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(Science News)   Archaeologists say French winemaking culture actually imported from Italy   (sci-news.com) divider line 33
    More: Interesting, Lattara, Italy, archaeologists, archaeological evidence, chardonnay, Caucasus Mountains, appreciations, Eurasian  
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603 clicks; posted to Geek » on 04 Jun 2013 at 1:01 PM (1 year ago)   |  Favorite    |   share:  Share on Twitter share via Email Share on Facebook   more»



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2013-06-04 01:12:08 PM
Another proof that archaeologists do not drink?

Or were they drunk when they came up with this conclusion?
 
2013-06-04 01:12:36 PM
Well the vines in France come from Missouri. Same with California's but via France. So when you enjoy your wine thank Missouri's German settlers. They turned Missouri into wine country
 
2013-06-04 01:18:35 PM
Man, those Italians have a lot of gaul to claim that!
 
2013-06-04 01:32:53 PM
I would love to taste what they were drinking then. It would be the flavors of the beginning of civilization.
 
2013-06-04 01:33:57 PM
Doesn't french gourmet cooking also have its roots in two chefs that Napoleon hired from Italy?
 
2013-06-04 01:42:55 PM
People called Romans, they go the house?
 
2013-06-04 01:44:38 PM

Gonz: I would love to taste what they were drinking then. It would be the flavors of the beginning of civilization.


Just drink your wine as half wine/half water and add sugar.
 
2013-06-04 01:46:01 PM
That reminds me I have to check the wine I am doing.  Second time doing a wine so I am a little nervous.  First time, I have no idea what I did wrong but that was completely undrinkable.
 
2013-06-04 01:47:19 PM
And the Italians got it from the Greeks. Winemaking that it is...
 
2013-06-04 01:49:50 PM

Egoy3k: Doesn't french gourmet cooking also have its roots in two chefs that Napoleon hired from Italy?


No.  Catherine di Medici did that.
 
2013-06-04 01:57:38 PM
A little Italian chauvinism here?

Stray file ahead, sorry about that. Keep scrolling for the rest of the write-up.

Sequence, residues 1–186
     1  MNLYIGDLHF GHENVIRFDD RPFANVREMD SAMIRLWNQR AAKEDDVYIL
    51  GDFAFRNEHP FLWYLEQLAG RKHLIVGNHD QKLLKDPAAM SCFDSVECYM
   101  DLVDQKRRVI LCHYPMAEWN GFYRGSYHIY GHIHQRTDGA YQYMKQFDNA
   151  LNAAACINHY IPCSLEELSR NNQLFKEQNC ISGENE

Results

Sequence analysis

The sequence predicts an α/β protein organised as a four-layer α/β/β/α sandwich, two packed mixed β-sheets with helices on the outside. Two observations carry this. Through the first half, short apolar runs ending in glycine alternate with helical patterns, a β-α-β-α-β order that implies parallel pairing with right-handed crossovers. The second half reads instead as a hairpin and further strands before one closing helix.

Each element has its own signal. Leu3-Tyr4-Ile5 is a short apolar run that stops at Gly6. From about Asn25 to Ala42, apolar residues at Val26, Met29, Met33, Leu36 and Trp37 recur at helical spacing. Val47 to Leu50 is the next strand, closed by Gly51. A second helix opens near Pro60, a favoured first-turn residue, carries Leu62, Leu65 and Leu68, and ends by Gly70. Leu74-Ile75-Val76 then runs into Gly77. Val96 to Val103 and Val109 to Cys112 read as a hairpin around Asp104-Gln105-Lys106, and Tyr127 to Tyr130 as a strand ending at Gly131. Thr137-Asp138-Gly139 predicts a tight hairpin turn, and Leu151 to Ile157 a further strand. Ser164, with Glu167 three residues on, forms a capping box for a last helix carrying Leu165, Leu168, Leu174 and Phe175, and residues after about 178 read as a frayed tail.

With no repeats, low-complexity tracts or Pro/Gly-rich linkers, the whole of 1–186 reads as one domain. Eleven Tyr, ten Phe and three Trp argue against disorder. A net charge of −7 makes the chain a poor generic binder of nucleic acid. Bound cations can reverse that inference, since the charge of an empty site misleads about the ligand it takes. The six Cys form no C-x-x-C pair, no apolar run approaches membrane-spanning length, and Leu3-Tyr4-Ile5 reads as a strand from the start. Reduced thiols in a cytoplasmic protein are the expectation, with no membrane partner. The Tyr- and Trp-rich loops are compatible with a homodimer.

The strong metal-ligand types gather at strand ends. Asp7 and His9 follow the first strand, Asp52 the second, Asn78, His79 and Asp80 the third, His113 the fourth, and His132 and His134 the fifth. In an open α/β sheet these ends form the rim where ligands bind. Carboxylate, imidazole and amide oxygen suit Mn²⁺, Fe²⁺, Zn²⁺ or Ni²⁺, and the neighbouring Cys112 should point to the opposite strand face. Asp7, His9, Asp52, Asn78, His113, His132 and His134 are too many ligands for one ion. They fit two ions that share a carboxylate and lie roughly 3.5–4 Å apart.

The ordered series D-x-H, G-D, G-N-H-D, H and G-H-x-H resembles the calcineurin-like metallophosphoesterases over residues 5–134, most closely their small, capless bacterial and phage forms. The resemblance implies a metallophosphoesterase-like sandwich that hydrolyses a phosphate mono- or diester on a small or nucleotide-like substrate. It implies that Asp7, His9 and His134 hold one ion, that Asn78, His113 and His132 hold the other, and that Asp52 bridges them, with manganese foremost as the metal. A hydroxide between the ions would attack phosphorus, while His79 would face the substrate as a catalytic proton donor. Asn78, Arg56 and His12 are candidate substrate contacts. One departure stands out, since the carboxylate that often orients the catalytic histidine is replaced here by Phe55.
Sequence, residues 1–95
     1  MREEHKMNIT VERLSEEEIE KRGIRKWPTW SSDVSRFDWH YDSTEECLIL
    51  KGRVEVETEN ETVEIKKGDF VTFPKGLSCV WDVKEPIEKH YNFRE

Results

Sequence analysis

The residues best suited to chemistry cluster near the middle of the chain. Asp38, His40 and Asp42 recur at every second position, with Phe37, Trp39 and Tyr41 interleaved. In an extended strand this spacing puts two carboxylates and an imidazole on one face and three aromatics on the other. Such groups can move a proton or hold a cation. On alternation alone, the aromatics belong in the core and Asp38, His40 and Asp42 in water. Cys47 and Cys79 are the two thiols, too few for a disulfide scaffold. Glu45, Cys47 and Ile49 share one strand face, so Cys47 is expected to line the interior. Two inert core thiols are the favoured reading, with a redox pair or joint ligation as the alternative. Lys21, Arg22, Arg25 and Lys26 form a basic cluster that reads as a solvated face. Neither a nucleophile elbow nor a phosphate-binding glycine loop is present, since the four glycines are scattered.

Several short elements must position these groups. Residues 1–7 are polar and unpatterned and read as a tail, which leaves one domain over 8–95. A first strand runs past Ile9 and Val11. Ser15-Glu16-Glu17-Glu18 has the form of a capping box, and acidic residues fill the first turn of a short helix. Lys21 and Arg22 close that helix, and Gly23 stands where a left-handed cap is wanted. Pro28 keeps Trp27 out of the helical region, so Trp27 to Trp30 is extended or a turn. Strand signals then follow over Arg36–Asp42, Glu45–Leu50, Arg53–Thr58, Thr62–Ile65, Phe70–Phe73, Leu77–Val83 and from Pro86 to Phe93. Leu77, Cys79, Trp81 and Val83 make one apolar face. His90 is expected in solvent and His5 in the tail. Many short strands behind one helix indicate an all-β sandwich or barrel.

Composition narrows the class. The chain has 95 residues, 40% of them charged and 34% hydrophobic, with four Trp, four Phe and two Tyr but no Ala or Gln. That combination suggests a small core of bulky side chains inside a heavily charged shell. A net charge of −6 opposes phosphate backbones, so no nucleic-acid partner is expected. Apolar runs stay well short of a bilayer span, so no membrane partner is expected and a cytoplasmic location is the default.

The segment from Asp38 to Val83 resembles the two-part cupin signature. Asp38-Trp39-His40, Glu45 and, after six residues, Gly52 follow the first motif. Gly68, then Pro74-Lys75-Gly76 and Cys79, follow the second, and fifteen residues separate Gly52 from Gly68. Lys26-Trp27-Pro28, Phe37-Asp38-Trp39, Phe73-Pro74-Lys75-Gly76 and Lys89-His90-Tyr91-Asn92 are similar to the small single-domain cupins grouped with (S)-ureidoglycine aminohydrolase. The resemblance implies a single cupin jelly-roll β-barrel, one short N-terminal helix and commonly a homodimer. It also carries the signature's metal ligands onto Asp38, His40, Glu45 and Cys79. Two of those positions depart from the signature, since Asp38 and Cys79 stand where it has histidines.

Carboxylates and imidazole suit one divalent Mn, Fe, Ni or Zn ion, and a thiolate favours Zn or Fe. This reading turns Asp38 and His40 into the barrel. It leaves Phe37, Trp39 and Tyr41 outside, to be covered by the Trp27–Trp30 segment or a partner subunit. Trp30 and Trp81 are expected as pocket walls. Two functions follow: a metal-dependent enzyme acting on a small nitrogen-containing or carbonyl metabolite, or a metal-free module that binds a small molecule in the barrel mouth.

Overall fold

From Nature:

"By 600 bc, the Etruscans of central Italy were trading their wine along the French Mediterranean coast. Around the same time, wine-loving Greeks established a colony at Massalia (present-day Marseilles, France)."

The researchers identified the wine press from its similarity to that shown in this Athenian vase.

www.nature.com

So, it appears that the wine making was established by Greeks, even if the wine was transported in amphorae that were manufactured in the nearby Etruscan  style.
 
2013-06-04 02:04:16 PM

Gonz: I would love to taste what they were drinking then. It would be the flavors of the beginning of civilization.


Drink retsina. Then Muscat grape wine. Both have been around since then...
 
2013-06-04 02:07:50 PM
Whoops, and Limnio.
 
2013-06-04 02:15:24 PM

Mid_mo_mad_man: Well the vines in France come from Missouri.


Well, the roots do, at any rate. Not the vines (Vitis vinifera is not native to North America).

Missouri can at least be crediting with  saving all the vines in France (and everywhere else other than Cyprus) though. So that's something.
 
2013-06-04 02:19:44 PM

Saiga410: That reminds me I have to check the wine I am doing.  Second time doing a wine so I am a little nervous.  First time, I have no idea what I did wrong but that was completely undrinkable.


It's amazing how quick vinegar will spread, if the wrong bugs get in. Just be patient, your yeasts know what to do.
 
2013-06-04 02:30:40 PM
If memory serves wasn't it the Iranians who invented wine making like way, way, WAY back in the day?
 
2013-06-04 02:33:32 PM

HairBolus: A little Italian chauvinism here?

From Nature:

"By 600 bc, the Etruscans of central Italy were trading their wine along the French Mediterranean coast. Around the same time, wine-loving Greeks established a colony at Massalia (present-day Marseilles, France)."

The researchers identified the wine press from its similarity to that shown in this Athenian vase.

[www.nature.com image 630x377]

So, it appears that the wine making was established by Greeks, even if the wine was transported in amphorae that were manufactured in the nearby Etruscan  style.


A couple of those gentlemen are really enjoying the wine making, it would seem.
 
2013-06-04 02:40:12 PM

JayCab: Missouri can at least be crediting with  saving all the vines in France


are you talking about the phylloxera epidemic? i always thought they were replaced by california vines.
 
2013-06-04 02:46:07 PM

naughtyrev: HairBolus: A little Italian chauvinism here?


www.nature.com

A couple of those gentlemen are really enjoying the wine making, it would seem.